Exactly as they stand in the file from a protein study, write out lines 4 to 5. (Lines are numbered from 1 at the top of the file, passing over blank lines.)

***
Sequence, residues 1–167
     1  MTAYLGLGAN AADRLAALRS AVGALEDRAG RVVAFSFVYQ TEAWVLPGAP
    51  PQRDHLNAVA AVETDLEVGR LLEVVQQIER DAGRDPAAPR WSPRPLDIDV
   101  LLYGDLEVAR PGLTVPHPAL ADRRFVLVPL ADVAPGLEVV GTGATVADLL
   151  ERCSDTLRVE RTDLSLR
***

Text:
   101  LLYGDLEVAR PGLTVPHPAL ADRRFVLVPL ADVAPGLEVV GTGATVADLL
   151  ERCSDTLRVE RTDLSLR